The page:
CLEVELAND, Ohio — Jacob Radosevich has always been close to his big brother, Josh. The dates of their birth place them less than four years apart.
After urging Dubacious to win the $150,000 Best of Ohio Endurance at ThistleDown on Oct. 10, the richest victory of his career as a jockey, Jacob decided he must visit his brother in central Ohio. He had to tell him it was time to move on.
For the both of them.
The following morning, Radosevich, with his shiny golden trophy in tow, drove 2 ½ hours to see Josh at the Grove City Cemetery.
“I had to go the next day,” said Radosevich. “That’s why I was so emotional in the winner’s circle after winning the Endurance.”
Josh Radosevich, who began his riding career at 16, also rode his last race at 16. He died from injuries suffered in spill in a race at Beulah Park on Nov. 16, 2005. The cemetery where he is buried is less than two miles from the defunct thoroughbred track.
Jacob, now 22, was in his seventh grade classroom that horrible autumn afternoon. The death of his brother engulfed him in a fog of disbelief. It’s been nearly 10 years, but Radosevich believes the fog is finally lifting.
“I’ve never felt that Josh has crossed over to heaven,” said Radosevich. “I always thought that he was still here, riding alongside me. I’ve felt that way ever since I became a jockey at 18. I didn’t want him to move on. But I told Josh at the cemetery that his duty here is fulfilled.”
It took a spill of his own to convince Jacob that Josh has finally gone to his reward. In the Best of Ohio’s John Galbreath Memorial, Jacob was riding Cassie Lou when the juvenile filly broke down in midstretch, sending him to the turf.
“When I went down and was unhurt, I didn’t feel Josh’s presence, anymore,” said Radosevich. “I think he decided to move forward. And I didn’t feel him when I won the Endurance, either.”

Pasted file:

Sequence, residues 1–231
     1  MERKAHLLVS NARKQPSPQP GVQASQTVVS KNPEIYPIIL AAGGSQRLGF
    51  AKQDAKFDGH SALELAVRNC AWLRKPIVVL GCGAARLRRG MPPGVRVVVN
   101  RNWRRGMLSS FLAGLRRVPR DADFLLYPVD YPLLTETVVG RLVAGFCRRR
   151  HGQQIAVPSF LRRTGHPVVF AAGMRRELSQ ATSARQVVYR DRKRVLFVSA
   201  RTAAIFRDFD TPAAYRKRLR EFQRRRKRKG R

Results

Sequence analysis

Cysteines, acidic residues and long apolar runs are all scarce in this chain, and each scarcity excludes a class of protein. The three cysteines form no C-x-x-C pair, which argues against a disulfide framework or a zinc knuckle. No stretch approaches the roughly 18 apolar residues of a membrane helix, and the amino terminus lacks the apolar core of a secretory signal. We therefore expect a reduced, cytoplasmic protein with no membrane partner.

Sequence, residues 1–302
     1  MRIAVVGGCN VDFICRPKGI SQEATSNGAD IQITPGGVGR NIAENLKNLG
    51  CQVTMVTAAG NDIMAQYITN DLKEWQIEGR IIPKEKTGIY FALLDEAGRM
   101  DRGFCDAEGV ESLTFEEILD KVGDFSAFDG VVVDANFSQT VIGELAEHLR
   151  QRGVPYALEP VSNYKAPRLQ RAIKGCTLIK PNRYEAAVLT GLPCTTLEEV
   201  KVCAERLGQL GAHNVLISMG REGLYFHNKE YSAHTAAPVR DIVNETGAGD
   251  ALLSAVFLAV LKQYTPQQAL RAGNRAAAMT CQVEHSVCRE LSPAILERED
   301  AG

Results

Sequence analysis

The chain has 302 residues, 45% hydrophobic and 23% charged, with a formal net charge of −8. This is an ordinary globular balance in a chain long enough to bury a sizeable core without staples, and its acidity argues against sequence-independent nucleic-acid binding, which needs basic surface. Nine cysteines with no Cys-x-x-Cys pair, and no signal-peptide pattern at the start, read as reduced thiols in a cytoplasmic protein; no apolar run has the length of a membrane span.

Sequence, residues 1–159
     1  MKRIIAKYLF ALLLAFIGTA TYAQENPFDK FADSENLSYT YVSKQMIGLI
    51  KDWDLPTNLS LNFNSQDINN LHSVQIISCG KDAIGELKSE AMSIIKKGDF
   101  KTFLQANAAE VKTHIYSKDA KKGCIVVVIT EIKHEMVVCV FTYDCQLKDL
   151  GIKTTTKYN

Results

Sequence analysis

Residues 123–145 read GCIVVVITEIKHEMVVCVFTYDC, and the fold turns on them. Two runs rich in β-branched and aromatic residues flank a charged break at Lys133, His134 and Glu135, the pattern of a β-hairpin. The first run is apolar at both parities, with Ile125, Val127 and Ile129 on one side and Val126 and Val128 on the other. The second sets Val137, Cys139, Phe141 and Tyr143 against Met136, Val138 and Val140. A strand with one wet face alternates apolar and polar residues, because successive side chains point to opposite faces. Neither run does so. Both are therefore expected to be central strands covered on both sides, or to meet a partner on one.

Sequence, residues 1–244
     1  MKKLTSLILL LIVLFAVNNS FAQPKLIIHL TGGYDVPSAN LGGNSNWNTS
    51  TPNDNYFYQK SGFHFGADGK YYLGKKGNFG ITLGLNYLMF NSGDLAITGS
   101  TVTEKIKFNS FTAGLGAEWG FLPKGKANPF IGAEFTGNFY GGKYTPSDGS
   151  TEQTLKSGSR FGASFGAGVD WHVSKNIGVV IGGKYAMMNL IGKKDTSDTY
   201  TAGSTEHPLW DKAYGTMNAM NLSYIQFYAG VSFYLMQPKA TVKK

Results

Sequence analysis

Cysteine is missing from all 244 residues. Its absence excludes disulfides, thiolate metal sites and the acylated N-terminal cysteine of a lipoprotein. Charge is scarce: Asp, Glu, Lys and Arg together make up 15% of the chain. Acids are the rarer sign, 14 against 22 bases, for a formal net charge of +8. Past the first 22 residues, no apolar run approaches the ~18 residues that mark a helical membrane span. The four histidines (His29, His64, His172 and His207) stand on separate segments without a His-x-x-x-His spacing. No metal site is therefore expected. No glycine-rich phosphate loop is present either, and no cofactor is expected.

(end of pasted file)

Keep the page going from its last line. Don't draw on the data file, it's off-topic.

The road to tranquility has been anything but easy for Radosevich. When his brother died on the track, Jacob was 12.
“I didn’t cry. I didn’t have any emotion. I didn’t know what to do,” he said.
What he did do was endlessly watch a video tape of the accident that claimed his brother.
“I didn’t understand it,” said Radosevich. “I was looking for answers, but I just kept wondering why. It got pretty rough. There were times I didn’t want to be in this world. I jut wanted to be with my brother.”
Radosevich said he finally cried for his brother when he began his own riding career over the same racing surface where Josh died.
“I started to grieve then because I knew Josh was riding with me,” Radosevich said.
Jacob is certain that Josh was in the saddle with him in the winter of 2011 at Beulah Park when one of his mounts broke down and he was pitched to the ground.
“It was in the same spot where Josh went down,”said Jacob. “I survived but it was a bad spill. I broke my collarbone and still have a plate, 11 screws and five pins holding it back together.”
Radosevich said he healed so quickly, he was back riding in six weeks. Another spill, this one at Thistledown the following year, left him with four vertebral compression fractures.
“It also shrunk me,” said Radosevich. “I was 5-foot-8 ½ inches before the accident. Now, I’m 5-7.”
Following his driving victory in the Endurance and his trip to the Grove City Cemetery, Jacob looks a bit taller and speaks in a more confident tone.
“I always wanted to ride in a race with my brother,” he said. “It will happen one day, but it’s going to have to wait.”